Hanging out: Young people's worries and tactics to stay safe
Written Cyril Josh Barker | , Reported | , Amsterdam News Staff | 7/28/2011, 11:54 a.m.
As we pass through the sweltering days and nights of another summer, young people continue the usual rituals of hanging out with friends at parties and outdoor events across the city on weekends and during the evening hours.
However, coupled with the pleasant idea of spending time with friends is a sense of fear that lingers for Black and Brown youth and their parents. The threat of violence is playing a role in where and how they spend their time.
News of violence at house parties and outdoor events seem to be an all-too-familiar scene in communities of color every summer. One of the most recent incidents this year is the shooting death of 27-year-old Nicholas Telemaque, who was shot in the torso after leaving a nightclub in Flatbush, Brooklyn.
Telemaque, a cousin of hip-hop superstar Nicki Minaj, was pronounced dead at Kings County Hospital. No arrests have been made in the shooting. Like many people his age, Telemaque was simply hanging out with friends, having a good time.
A similar incident recently happened in Harlem at a party on 119th Street and Lenox Avenue. A 15-year-old has been jailed on attempted murder charges after he allegedly shot another teen.
"Any given Thursday, Friday or Saturday night into Sunday, kids are [out] from 9 p.m. to 11 p.m., when they are getting high and drinking," said community activist Pastor Vernon Williams. "Parties can be fine when they are done responsibly and appropriately supervised."
But not everyone's intentions are positive. Williams added that kids set up a time to brawl or hold flash mobs after getting high and drinking. Using the Internet and social networking websites like Facebook and Twitter, times and locations are posted, usually with altercations scheduled for 2 a.m.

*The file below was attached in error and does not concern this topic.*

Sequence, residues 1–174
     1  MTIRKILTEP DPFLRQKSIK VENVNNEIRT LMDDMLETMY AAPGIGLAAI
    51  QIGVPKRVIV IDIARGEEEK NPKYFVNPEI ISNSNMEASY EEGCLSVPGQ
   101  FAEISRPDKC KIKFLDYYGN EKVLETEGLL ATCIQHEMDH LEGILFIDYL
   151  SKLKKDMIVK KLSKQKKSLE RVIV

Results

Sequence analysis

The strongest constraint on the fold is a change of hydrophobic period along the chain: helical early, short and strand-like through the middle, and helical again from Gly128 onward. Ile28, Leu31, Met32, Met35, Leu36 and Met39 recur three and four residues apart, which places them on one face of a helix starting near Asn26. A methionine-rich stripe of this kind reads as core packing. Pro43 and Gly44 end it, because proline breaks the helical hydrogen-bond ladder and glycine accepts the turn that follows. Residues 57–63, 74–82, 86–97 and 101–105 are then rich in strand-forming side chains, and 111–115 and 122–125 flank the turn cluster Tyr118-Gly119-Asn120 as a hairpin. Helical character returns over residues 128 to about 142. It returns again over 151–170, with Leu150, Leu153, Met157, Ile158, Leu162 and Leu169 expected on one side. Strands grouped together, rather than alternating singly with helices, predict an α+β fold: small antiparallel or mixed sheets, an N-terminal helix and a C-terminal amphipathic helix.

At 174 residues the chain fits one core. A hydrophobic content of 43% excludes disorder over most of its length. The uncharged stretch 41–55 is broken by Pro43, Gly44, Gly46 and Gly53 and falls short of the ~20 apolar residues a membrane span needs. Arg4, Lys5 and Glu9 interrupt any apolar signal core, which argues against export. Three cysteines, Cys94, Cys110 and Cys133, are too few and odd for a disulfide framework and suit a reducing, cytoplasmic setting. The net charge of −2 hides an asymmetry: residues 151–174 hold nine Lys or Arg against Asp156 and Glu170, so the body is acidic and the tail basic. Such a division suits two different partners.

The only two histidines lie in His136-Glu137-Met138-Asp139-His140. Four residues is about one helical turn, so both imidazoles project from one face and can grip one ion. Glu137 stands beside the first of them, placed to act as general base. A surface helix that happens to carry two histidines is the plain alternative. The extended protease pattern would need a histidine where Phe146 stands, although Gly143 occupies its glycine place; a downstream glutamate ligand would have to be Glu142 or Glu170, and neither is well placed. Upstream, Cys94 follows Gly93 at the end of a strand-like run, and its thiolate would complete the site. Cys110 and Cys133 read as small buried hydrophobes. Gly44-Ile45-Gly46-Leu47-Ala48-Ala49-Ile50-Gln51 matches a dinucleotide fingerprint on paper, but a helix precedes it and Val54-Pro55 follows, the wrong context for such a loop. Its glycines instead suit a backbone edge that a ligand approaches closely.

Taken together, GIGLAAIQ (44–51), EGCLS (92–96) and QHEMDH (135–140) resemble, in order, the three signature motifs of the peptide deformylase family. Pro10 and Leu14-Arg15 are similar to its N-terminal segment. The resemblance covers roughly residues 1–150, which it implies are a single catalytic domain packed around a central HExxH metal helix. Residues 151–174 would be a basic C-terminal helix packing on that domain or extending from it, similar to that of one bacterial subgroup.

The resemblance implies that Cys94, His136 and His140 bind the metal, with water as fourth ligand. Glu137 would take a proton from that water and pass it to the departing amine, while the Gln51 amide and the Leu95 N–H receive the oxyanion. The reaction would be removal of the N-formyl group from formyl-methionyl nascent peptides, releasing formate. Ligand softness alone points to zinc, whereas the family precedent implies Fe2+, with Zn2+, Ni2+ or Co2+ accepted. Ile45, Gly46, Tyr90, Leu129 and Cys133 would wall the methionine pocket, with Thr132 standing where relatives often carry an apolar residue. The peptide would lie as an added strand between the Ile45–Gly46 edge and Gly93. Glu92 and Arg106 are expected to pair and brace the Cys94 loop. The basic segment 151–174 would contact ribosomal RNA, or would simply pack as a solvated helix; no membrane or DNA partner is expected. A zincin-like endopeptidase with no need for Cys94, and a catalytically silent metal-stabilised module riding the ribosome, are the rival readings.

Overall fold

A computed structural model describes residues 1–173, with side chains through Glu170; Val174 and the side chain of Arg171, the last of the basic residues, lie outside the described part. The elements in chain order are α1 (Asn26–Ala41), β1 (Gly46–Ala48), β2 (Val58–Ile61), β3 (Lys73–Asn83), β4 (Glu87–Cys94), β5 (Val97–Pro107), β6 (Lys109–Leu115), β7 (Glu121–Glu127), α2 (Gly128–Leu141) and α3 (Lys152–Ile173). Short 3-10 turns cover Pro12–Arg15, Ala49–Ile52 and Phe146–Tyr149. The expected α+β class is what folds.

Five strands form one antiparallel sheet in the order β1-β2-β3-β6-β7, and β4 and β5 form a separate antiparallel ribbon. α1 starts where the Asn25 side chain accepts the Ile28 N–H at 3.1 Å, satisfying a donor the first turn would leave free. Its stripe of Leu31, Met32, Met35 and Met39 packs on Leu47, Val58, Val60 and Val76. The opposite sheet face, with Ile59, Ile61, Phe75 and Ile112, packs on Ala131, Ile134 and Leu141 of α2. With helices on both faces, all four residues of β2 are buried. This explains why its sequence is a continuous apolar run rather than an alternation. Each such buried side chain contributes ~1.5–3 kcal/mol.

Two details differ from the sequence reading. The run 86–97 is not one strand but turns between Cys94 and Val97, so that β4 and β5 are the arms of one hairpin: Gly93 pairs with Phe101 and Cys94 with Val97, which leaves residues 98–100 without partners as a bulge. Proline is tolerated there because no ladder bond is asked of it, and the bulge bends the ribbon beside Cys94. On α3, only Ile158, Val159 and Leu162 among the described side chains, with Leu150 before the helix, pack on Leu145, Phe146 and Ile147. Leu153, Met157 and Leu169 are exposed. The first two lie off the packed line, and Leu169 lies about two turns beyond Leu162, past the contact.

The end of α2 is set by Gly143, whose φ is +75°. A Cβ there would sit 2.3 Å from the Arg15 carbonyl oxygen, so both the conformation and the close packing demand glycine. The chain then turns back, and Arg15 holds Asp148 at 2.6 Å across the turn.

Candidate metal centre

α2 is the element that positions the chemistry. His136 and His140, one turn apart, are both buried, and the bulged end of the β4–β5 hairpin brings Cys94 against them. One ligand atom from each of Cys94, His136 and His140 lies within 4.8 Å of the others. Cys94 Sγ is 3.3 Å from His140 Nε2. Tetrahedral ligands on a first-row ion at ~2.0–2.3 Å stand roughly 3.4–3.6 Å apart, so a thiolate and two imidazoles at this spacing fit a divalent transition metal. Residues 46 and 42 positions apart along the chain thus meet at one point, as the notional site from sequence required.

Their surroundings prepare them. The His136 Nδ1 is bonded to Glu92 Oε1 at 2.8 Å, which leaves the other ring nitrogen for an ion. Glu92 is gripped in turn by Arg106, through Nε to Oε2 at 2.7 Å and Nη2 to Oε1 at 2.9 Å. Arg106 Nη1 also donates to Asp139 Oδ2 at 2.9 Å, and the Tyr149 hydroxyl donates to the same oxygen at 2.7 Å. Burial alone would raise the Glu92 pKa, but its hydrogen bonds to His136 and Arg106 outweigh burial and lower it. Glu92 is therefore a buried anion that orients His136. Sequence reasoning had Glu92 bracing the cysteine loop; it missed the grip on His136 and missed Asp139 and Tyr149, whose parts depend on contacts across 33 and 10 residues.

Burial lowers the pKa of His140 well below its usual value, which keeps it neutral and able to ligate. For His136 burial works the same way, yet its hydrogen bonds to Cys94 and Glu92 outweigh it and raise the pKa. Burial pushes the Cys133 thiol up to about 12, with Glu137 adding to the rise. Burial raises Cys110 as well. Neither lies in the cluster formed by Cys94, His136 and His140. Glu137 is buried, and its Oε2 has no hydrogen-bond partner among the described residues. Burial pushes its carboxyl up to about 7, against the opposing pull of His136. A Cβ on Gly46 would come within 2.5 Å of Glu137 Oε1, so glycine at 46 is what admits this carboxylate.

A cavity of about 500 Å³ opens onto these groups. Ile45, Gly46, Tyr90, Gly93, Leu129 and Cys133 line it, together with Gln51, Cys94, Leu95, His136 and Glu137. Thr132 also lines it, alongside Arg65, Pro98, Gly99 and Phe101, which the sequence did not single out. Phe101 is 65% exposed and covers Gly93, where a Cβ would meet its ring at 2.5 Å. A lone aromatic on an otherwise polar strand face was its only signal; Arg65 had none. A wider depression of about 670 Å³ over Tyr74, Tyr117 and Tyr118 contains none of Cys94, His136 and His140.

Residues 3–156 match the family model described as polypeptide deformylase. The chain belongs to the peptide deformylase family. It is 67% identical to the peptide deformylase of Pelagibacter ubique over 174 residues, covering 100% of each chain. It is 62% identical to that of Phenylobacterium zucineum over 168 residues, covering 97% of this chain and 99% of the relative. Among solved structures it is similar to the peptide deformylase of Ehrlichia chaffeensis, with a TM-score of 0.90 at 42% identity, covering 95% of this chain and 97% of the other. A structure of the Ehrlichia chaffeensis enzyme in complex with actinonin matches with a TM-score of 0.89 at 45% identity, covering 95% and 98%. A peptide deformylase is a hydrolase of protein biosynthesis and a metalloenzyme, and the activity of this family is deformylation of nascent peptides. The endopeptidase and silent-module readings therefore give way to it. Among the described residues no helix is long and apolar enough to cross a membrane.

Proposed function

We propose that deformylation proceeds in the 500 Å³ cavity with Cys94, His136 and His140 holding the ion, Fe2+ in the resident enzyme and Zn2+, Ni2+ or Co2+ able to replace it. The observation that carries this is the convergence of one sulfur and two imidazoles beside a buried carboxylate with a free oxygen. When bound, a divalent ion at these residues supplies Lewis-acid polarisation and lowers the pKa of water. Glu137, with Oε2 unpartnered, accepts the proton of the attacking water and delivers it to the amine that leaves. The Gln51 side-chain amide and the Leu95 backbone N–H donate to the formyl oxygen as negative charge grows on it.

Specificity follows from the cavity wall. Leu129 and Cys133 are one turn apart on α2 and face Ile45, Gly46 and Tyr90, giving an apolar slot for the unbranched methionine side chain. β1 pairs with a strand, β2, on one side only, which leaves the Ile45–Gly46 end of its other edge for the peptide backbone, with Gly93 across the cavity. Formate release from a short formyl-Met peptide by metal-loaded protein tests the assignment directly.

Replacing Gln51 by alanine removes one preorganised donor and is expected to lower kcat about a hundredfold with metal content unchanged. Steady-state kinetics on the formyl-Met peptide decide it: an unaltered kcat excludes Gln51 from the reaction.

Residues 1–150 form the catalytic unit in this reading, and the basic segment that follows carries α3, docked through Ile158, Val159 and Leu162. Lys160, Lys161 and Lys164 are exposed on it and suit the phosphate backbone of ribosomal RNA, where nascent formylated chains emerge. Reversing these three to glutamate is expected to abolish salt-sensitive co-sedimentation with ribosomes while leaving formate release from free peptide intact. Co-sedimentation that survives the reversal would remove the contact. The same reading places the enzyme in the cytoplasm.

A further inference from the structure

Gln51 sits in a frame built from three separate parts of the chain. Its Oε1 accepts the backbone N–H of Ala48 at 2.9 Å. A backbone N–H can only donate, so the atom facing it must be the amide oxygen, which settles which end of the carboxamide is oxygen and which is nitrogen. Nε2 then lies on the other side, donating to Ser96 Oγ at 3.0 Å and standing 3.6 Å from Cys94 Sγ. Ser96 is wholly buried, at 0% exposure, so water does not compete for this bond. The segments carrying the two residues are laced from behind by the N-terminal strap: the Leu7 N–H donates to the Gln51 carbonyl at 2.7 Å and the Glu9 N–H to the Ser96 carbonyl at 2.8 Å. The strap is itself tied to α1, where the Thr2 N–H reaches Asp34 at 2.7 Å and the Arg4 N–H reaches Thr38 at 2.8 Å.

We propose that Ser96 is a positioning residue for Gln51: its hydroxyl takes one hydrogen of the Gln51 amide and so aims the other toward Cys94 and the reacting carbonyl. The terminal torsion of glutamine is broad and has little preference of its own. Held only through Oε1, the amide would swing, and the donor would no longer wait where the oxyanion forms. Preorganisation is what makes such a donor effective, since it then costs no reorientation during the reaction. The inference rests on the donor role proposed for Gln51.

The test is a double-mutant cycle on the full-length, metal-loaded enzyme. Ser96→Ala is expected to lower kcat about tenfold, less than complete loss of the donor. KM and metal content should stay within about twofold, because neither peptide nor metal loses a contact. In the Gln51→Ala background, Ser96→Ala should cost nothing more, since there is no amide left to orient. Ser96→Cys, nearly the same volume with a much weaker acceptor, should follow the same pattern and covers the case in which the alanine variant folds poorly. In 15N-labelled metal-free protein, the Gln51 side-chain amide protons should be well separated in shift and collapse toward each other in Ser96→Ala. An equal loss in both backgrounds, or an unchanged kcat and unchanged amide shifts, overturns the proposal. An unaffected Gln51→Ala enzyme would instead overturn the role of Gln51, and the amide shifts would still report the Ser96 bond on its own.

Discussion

Social networks have become the source of events and more negative conflicts. On Facebook, event pages can be made to invite friends to places instead of calling people or talking to them in person. When creating an event page, teens are sometimes not careful about controlling who can attend and end up inviting non-friends to gatherings.
And Facebook has also become a place where conflicts emerge-common issues on the site include friends cheating or being cheated on and name-calling. Once these conflicts begin on Facebook and Twitter, issues go from online to violent face-to-face confrontations that can happen at social gatherings.
Harlem teen Latehsha Vargas, 18, is a typical youngster who is into basketball and shopping with her friends. But she said that when she's hanging out she often gets concerned about her surroundings.
"One of my biggest fears is not coming back home to my family," she told the AmNews. "If police aren't there, people create a reason for police to come. Once you step out of your door, you hardly ever know the next possible thing that can happen to you.
"The biggest problems are gangs, drugs, guns and sex," she said. "Time has changed. Even though there are some older generations trying to help bring respect back to the communities around the world, there are more young people who have to be the positive change instead of the negative."